concentrated group of specialists on a certain topic. Collector target these

individuals while they are abroad to gather any information the scientists or

engineers may posses. Sometimes depending on the country and the specific

circumstances these elicitation efforts may be heavy handed. Intelligence

collectors sometimes try to recruit scientists by inviting them on all expense

paid trips abroad for conferences or sabbaticals. The individuals are treated

royally, and their advice sought on areas of interest. When they return to

their country, collectors recontact them and ask them to provide information

on their areas of research. (Security On-line: issue 1)

Commercial data bases, trade and scientific journals, computer bulletin

boards, openly available US government data, corporate publications are

another source. Many collectors take advantage of the vast amount of

competitive information that is legally and openly available in the United

States. Open source information can provide personality profile data, data on

new research and development and planned products, new manufacturing

technics, and competitor strengths and weaknesses. Most collectors use this

information for its own worth in their business competition. However, some

use openly available information as leads to refine and focus their clandestine

collection and to identify individuals and organization that posses desired

information.(Security On-line: issue 1)

Foreign government use of private-sector organizations, front

companies, and joint ventures is the next way collectors use to gather

intelligence. Some foreign governments exploit existing non-government

affiliation organizations or create new ones-such as friendship societies,

international exchange organizations, import and export companies, and other

entities that have frequent contact with foreigners to gather intelligence and

to place intelligence collectors. They conceal government involvement in

these organizations and present them as merly private entities in order to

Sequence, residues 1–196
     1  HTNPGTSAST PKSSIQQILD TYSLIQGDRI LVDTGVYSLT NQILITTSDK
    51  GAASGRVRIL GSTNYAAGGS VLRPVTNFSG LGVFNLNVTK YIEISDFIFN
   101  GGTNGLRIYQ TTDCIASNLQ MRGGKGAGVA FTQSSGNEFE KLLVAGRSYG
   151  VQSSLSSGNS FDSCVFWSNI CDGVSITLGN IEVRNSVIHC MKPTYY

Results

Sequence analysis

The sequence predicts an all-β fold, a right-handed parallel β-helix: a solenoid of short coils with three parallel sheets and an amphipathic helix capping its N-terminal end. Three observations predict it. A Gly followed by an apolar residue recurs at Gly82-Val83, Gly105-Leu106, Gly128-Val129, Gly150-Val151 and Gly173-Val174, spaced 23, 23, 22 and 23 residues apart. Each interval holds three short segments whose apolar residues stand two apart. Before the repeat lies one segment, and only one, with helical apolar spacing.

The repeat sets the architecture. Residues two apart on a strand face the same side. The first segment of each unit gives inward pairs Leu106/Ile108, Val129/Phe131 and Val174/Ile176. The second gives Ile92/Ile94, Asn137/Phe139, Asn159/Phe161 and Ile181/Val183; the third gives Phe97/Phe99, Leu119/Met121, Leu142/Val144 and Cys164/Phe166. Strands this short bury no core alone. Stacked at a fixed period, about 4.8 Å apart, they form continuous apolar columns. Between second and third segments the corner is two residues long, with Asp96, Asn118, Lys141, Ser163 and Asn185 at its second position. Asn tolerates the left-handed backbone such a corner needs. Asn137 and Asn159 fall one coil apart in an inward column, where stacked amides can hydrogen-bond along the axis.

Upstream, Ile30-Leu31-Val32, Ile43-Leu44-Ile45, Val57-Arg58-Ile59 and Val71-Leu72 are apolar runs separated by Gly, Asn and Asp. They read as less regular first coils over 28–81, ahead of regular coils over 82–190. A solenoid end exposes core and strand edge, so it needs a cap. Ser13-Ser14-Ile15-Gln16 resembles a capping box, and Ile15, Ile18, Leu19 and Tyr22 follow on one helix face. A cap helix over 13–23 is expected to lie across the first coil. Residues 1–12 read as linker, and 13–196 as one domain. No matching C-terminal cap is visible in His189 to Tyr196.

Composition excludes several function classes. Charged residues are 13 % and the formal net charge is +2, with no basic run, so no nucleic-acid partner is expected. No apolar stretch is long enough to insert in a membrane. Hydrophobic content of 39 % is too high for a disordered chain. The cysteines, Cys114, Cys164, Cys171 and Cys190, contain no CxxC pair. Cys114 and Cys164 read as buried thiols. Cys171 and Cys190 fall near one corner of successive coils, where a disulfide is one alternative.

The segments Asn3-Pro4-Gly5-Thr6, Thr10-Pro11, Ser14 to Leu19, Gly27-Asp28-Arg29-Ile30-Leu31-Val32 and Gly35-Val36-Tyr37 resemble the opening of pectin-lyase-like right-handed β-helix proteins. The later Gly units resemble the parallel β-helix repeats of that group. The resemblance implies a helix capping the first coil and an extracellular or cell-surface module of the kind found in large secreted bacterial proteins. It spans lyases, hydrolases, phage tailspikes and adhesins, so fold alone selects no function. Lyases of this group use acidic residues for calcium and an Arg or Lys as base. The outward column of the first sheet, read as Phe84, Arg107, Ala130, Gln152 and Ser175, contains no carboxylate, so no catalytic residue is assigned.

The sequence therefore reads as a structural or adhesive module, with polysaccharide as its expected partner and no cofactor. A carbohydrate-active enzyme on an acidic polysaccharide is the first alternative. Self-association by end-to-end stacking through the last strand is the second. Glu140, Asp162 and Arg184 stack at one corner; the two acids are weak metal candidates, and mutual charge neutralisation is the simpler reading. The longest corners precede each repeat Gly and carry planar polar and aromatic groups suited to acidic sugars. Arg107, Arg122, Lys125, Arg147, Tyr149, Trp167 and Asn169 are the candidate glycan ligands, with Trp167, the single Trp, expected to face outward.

cover their intelligence operations. These organizations spot and assess

potential foreign intelligence recruits with whom they have contact. Such

organizations also lobby US government officials to chanfe policies the

foreign governments consider unfavorable.(Security On-line: issue 1)

Corporate mergers and acquisitions. Several countries use corporate

mergers and acquisitions to aquire technology. The vast majority of these

transactions are made for legitimate purposes. Sometimes though they are

made to specifically to allow a foreign company to aquire North American

technology without spending their own resources on research and

development. According a 1994 US government document entitled " Report

on US critical technology Companies" 984 foreign mergers and acquisitions

of US critical technology companies occurred between January 1st 1985 and

October 1st 1993. All but a handful of these mergers and acquisitions were

friendly, and four countries accounted for 68 percent of them. Of the total 60

percent of them involved US companies involved in advanced materials,

computers including software, peripherals, biotechnology, areas relative US

professional and scientific instrumentation, communications equipment,

advanced manufacturing, and aircraft and spare parts. (Security On-line:

issue 1)

The next way information is collected is refered to as headhunting or

hiring competitors employees. Foreign companies typically hire

knowledgeable employees of competing US firms to do corresponding work

for the foreign firm. At times, they do this specifically to gain inside

technical information from the employee and use it against the competing US

firms.(Security On-line: issue 1)

Corporate technology agreements is another way information collectors

assemble technological information. Some foreign companies use potential

technology sharing agreements as condiuts for receiving propriety

information. In such instances, foreign companies demand that, in order to

negotiate an agreement, the North American company must divulge large

amounts of information about its processes and products, sometime much

more than is justified by the project be negotiated. Often the information